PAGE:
Put bluntly, award-winning musical “La La Land” was a masterpiece.
It practically dominated the 74th Golden Globe Awards with seven wins and rave reviews, a bold piece elegantly choreographed with unique cinematography.
Beyond the awards, “La La Land” served a much greater purpose, tasked with reviving a dying artform: musicals.
Musicals don’t nearly receive as much attention as they should; the combination of genuine dialogue, singing and dancing is an art that can only be created through months ‒ or even years ‒ of dedication and passion.
Musicals evoke a sense of adventure, engulfing onlookers in what are typically deeply emotional storylines. Such pieces express the feelings of the characters in a way that can’t be written on paper or formulated in a single sentence.
When you’re reading about a character in a book, you can only imagine how the character may feel when faced with challenges. In a musical, you witness how the character develops through the situations they face.
You can hear the shaking in their voice when they’re sad, feel their joy in choreography and experience other emotions personified by rhythms, key changes and dynamics.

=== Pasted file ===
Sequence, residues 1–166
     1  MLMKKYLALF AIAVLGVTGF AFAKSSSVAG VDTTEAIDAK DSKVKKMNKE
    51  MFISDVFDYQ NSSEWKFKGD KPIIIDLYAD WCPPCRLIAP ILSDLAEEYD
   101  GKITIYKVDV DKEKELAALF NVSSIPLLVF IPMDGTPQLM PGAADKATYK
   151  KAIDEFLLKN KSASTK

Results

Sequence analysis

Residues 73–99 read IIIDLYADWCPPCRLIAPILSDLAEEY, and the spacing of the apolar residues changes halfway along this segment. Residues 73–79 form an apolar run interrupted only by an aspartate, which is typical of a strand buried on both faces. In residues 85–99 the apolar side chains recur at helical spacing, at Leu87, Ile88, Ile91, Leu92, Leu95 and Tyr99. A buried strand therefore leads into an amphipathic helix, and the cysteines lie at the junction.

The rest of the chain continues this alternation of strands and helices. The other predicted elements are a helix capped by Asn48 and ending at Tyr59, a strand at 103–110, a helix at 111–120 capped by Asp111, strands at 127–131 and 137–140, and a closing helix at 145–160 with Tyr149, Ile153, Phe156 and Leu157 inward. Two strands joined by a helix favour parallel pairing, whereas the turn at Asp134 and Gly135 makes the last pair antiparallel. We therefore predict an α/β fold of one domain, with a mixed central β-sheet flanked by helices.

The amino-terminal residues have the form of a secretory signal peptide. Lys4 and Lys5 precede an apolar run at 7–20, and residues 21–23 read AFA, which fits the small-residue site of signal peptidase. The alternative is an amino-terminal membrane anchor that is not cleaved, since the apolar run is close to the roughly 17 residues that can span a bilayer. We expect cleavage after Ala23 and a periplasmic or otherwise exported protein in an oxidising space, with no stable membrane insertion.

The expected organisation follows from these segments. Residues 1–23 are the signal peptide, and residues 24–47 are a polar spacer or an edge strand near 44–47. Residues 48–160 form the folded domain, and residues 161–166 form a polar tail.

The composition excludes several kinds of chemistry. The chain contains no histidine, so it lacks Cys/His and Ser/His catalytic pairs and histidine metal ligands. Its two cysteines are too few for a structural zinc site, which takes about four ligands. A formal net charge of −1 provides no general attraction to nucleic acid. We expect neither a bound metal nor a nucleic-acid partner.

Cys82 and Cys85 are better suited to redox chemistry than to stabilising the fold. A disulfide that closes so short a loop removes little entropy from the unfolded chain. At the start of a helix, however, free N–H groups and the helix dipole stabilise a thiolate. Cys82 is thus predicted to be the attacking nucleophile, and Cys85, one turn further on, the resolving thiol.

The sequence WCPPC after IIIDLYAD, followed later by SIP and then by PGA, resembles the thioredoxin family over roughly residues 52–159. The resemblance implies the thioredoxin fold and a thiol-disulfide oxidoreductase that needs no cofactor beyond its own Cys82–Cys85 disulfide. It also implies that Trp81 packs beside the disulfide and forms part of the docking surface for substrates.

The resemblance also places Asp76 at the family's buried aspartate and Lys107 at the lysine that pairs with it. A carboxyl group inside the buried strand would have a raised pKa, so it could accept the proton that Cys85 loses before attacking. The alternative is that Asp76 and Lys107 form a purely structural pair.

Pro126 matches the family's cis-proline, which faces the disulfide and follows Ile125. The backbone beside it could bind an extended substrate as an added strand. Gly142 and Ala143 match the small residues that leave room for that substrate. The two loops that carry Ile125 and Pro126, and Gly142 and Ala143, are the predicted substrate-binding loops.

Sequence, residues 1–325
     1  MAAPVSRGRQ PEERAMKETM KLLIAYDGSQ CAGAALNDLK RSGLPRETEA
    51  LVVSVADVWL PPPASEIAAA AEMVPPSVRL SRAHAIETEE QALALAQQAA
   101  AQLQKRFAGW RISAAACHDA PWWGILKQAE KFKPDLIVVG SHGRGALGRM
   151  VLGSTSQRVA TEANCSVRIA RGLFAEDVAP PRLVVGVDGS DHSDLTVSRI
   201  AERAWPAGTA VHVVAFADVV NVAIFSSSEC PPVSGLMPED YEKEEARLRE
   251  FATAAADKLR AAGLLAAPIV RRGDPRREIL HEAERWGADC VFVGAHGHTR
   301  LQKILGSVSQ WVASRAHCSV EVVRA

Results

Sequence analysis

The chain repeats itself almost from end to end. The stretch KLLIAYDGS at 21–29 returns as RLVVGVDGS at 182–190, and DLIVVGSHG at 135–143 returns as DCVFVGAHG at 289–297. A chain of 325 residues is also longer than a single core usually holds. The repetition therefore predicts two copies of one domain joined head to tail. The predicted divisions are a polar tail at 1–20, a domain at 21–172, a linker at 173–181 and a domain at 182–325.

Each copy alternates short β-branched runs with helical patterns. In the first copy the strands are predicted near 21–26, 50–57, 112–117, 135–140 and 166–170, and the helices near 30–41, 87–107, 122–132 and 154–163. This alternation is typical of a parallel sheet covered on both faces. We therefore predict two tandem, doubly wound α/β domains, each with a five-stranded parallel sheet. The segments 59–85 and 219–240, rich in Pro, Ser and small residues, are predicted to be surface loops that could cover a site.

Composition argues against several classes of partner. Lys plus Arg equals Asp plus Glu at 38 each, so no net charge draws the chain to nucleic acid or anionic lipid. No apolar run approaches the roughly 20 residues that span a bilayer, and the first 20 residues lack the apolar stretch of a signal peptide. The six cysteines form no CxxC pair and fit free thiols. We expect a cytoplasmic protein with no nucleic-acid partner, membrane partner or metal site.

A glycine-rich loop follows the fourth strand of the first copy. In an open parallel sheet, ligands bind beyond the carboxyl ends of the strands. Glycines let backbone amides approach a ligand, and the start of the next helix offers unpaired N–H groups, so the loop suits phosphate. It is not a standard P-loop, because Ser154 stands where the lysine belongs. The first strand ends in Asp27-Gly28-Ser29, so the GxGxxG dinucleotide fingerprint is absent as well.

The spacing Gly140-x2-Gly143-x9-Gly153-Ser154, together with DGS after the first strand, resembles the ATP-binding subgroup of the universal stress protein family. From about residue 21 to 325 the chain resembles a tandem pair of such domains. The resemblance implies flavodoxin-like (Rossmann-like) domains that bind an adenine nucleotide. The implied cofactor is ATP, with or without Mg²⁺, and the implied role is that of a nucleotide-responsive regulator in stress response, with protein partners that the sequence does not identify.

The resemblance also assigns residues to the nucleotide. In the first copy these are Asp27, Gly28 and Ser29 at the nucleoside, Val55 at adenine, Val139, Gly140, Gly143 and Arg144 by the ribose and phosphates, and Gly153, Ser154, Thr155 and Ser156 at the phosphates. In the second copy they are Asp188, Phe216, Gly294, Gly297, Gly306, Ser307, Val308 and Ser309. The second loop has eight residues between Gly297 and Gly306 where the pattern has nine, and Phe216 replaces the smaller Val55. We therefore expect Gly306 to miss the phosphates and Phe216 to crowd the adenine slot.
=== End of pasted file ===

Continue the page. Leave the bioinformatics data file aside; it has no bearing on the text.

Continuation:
I’ve heard comments from those who believe the main characters ‒ Emma Stone and Ryan Gosling ‒ should have been replaced with those who have had more experience in the field or people who “knew how to sing and dance.” To that, I say there is not enough focus on the key concept of the musical.
“La La Land” was created to tell the audience that dreams can be reached if they want something bad enough and to never give up, no matter how bumpy the road may be. You’re going to have bad days, rough patches and, sometimes, things don’t always go your way, no matter how much you plan in advance.
It sucks, I know.
But the main message of the musical is to never give up on your dream, no matter how unreachable it may seem. You may go down a different path than the one you were on when going after your dream, but in the end, you’ll find your own happiness.
Musicals tell that story better than any other medium could.
Lydia Taylor is an assigning editor, contact her at [email protected]